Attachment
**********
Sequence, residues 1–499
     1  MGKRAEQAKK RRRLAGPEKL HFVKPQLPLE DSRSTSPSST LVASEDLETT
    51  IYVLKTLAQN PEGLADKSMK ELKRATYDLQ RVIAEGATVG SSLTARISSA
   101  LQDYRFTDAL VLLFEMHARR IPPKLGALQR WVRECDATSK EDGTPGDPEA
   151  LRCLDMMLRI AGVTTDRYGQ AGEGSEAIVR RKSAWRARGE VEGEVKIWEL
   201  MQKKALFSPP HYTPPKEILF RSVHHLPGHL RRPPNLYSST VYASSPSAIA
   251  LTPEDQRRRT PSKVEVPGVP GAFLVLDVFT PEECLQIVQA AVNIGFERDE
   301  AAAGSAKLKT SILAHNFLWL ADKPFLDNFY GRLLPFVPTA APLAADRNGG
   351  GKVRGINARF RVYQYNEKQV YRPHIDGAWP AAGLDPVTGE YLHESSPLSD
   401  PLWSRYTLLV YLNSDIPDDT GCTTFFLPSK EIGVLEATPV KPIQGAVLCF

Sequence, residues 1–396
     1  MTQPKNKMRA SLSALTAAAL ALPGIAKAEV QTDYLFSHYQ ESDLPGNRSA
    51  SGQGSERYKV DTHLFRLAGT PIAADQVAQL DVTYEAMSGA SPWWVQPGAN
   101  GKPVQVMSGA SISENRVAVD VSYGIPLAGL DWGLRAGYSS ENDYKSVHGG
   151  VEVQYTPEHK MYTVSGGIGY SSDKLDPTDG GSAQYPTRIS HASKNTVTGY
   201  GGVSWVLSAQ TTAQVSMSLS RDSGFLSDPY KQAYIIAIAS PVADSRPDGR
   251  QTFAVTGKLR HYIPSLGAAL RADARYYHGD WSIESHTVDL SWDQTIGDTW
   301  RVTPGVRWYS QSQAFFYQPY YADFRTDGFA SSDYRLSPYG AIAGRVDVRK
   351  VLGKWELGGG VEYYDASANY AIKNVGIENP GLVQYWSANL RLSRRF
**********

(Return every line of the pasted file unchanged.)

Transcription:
Sequence, residues 1–499
     1  MGKRAEQAKK RRRLAGPEKL HFVKPQLPLE DSRSTSPSST LVASEDLETT
    51  IYVLKTLAQN PEGLADKSMK ELKRATYDLQ RVIAEGATVG SSLTARISSA
   101  LQDYRFTDAL VLLFEMHARR IPPKLGALQR WVRECDATSK EDGTPGDPEA
   151  LRCLDMMLRI AGVTTDRYGQ AGEGSEAIVR RKSAWRARGE VEGEVKIWEL
   201  MQKKALFSPP HYTPPKEILF RSVHHLPGHL RRPPNLYSST VYASSPSAIA
   251  LTPEDQRRRT PSKVEVPGVP GAFLVLDVFT PEECLQIVQA AVNIGFERDE
   301  AAAGSAKLKT SILAHNFLWL ADKPFLDNFY GRLLPFVPTA APLAADRNGG
   351  GKVRGINARF RVYQYNEKQV YRPHIDGAWP AAGLDPVTGE YLHESSPLSD
   401  PLWSRYTLLV YLNSDIPDDT GCTTFFLPSK EIGVLEATPV KPIQGAVLCF

Sequence, residues 1–396
     1  MTQPKNKMRA SLSALTAAAL ALPGIAKAEV QTDYLFSHYQ ESDLPGNRSA
    51  SGQGSERYKV DTHLFRLAGT PIAADQVAQL DVTYEAMSGA SPWWVQPGAN
   101  GKPVQVMSGA SISENRVAVD VSYGIPLAGL DWGLRAGYSS ENDYKSVHGG
   151  VEVQYTPEHK MYTVSGGIGY SSDKLDPTDG GSAQYPTRIS HASKNTVTGY
   201  GGVSWVLSAQ TTAQVSMSLS RDSGFLSDPY KQAYIIAIAS PVADSRPDGR
   251  QTFAVTGKLR HYIPSLGAAL RADARYYHGD WSIESHTVDL SWDQTIGDTW
   301  RVTPGVRWYS QSQAFFYQPY YADFRTDGFA SSDYRLSPYG AIAGRVDVRK
   351  VLGKWELGGG VEYYDASANY AIKNVGIENP GLVQYWSANL RLSRRF